Article 19 condemns the use of excessive force, teargas and live ammunition against protesters in Uganda. According to reports, at least 16 people have been killed, 65 injured and over 350 arrested following protests against the arrest of presidential aspirant Robert Kyagulanyi alias Bobi Wine. Mugambi Kiai, Article 19 Eastern Africa Regional Director, said:
“It is shocking that the police chose to shoot live ammunition at peaceful protesters. They can only use firearms if there is a threat to life, which was not the case. The authorities must investigate the excessive use of force which has resulted in so many deaths.
They should also unconditionally release all people who have been arrested solely for exercising their constitutional right to freedom of assembly.”
On 18 November 2020, presidential aspirant Robert Kyagulanyi was arrested and charged on the grounds of flouting Coronavirus prevention guidelines against drawing large crowds following a campaign rally in the country.
The next day, protests broke out in several parts of the country with citizens calling for his immediate release.Peaceful protesters were however met with excessive force, teargas and live ammunition from security forces, resulting in the death of at least 16 people, 65 injured and over 350 arrested.
In response to the protests, a government spokesman said that the police officers had responded appropriately. He blamed the protesters for not seeking more “peaceful methods” to raise and “resolve” their concerns using legal means. The president, in a later address to the ruling National Resistance Movement leaders, warned that the protesters who “were being used by foreigners who dislike the stability of Uganda” would regret it.
According to ARTICLE 19’s monitoring of protests in Uganda, law enforcement officers often show little to no restraint in their use of force on protesters, in violation of the protections afforded by the constitution of Uganda and international human rights obligations.
The Public Order Management Act which requires organizers of protests to give prior notification, grants the Inspector General wide discretion to prohibit public meetings. The police use the act to justify the blocking, restricting and dispersal of peaceful meetings and demonstrations.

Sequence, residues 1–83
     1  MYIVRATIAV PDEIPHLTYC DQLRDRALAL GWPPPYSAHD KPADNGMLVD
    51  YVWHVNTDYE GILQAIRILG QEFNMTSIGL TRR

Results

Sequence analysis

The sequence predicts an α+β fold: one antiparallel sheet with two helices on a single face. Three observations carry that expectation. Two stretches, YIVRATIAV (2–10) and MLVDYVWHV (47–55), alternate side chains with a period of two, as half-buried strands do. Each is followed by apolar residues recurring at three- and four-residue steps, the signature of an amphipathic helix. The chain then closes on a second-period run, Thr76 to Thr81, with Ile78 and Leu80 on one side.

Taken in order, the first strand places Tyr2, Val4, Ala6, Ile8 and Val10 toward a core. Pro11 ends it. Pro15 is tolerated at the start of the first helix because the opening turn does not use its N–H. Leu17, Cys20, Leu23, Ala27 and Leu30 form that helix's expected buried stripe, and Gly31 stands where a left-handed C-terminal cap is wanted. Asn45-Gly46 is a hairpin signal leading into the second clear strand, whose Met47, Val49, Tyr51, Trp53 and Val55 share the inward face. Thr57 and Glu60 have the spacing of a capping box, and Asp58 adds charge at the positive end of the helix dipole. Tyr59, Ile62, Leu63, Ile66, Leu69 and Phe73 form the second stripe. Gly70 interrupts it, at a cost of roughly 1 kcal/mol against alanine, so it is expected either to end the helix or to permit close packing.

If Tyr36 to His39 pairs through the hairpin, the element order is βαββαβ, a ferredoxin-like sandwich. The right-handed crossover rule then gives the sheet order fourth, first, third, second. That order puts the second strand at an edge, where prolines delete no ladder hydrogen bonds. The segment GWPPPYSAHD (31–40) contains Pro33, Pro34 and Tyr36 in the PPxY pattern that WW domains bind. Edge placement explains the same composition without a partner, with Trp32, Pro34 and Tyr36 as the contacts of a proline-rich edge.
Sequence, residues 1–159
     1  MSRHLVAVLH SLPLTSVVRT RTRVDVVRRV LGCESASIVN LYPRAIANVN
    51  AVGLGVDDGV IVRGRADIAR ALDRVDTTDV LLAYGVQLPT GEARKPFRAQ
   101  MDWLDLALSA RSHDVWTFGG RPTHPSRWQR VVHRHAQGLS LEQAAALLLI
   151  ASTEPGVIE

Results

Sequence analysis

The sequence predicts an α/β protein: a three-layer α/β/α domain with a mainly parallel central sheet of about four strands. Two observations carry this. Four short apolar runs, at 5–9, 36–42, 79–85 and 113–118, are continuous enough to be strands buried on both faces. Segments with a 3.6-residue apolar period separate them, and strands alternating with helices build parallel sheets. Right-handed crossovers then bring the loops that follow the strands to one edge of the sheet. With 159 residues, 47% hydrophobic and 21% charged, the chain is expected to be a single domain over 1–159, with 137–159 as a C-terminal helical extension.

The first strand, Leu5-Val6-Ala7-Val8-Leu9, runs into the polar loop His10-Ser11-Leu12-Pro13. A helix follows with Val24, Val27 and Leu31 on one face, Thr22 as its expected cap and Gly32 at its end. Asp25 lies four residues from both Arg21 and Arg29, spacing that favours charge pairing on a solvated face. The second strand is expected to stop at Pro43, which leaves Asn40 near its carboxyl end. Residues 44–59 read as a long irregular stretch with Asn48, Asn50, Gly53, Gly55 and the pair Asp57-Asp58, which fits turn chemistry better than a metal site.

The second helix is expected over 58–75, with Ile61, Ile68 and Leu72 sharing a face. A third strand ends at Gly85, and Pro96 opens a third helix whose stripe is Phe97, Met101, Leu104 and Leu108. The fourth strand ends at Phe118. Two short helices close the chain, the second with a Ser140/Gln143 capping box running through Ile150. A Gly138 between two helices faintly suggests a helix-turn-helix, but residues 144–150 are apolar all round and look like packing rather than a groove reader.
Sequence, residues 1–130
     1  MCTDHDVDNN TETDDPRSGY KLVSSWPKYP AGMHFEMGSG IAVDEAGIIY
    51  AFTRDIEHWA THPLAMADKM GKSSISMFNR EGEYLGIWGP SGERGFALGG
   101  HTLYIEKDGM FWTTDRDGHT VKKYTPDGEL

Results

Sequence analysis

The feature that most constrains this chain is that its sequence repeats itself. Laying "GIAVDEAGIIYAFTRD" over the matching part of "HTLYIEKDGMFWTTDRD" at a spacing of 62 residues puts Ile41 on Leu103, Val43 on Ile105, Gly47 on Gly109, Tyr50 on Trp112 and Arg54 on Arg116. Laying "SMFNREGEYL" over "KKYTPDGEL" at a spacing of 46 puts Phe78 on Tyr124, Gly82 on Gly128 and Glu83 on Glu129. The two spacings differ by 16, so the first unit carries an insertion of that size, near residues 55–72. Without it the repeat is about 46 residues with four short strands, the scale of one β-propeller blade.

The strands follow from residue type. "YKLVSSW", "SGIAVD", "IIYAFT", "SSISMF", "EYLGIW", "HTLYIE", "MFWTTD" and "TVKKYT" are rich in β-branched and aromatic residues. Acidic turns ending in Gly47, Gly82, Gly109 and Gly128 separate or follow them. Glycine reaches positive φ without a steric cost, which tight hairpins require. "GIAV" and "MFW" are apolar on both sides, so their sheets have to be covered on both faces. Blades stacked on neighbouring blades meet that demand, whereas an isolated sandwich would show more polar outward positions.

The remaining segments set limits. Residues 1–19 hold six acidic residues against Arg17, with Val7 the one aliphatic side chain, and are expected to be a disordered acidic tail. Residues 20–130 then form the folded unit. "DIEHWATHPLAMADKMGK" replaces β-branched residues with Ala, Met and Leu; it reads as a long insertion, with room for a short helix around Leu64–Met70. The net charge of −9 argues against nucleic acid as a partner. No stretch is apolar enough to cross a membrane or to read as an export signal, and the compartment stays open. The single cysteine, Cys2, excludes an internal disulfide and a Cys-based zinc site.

“It’s high time the Ugandan government commits to protect the rights of everyone in the run-up to the elections and ends the crackdown on the opposition. They should instruct the police to facilitate the right to peaceful assembly rather than blocking and disrupting campaign meetings.” said Mugambi Kiai.
Further, in the run-up to the 2021 general elections, authorities have attacked presidential candidates and their supporters, often arbitrarily arresting them, using excessive force and live ammunition to block them from attending their campaign rallies, and dispersing crowds during campaign meetings and gatherings under the pretext of enforcing COVID 19 containment measures.
The Uganda electoral commission, however, has given a clear direction regarding presidential campaign meetings in a letter to the Inspector General of Police asking him to restrain police officers from blocking or disrupting campaign meetings. The letter further affirmed that presidential candidates have a right to hold campaign meetings during the COVID 19 pandemic in compliance with standard operating procedures and guidelines which allows for campaign meetings not exceeding 200 persons in designated venues.
Despite the direction given by the electoral commission, on 2 December 2020 Bobi Wine briefly called off campaign activities citing “continued police brutality against him and his supporters.” A day earlier, his right hand man Daniel Oyerwot was injured at a campaign meeting in Kayunga district after the police fired teargas and rubber bullets to disperse their supporters. On his way to the second campaign rally in Jinja city, the police and army personnel reportedly shot Bobi Wine’s car tyres and shattered the windscreen.
Uganda’s human rights obligations
The right to freedom of expression and freedom of peaceful assembly is guaranteed by Uganda’s Constitution, the ICCPR and the African Charter on Human and Peoples’ Rights. It may be subject to narrowly tailored limitations, but only if it is provided by law, has a legitimate aim and is necessary and proportionate. The right to freedom of peaceful assembly may be restricted to protect public safety.
The African Commission’s guidelines on freedom of association and assembly in Africa underscore that protest is a right, for which no prior authorization should be needed. Lack of prior notification does not make an assembly unlawful and should not be the sole reason for dispersal.
The police should prioritize facilitation and avoid the need to resort to force, even if the assembly is considered unlawful. The dispersal of any assembly should only ever be used as a measure of last resort and in exceptional circumstances; force should never be used against peaceful protesters. Firearms should never be used to disperse. Even if protesters are violent, law enforcement officials can only use firearms to disperse when strictly necessary to protect life. The police may only use tear gas to disperse a crowd when there is more generalized violence, due to its indiscriminate effects and high potential of harm.
ARTICLE 19 calls on the Ugandan government to immediately fulfil its international human rights obligations, in particular the right to peaceful assembly throughout the country.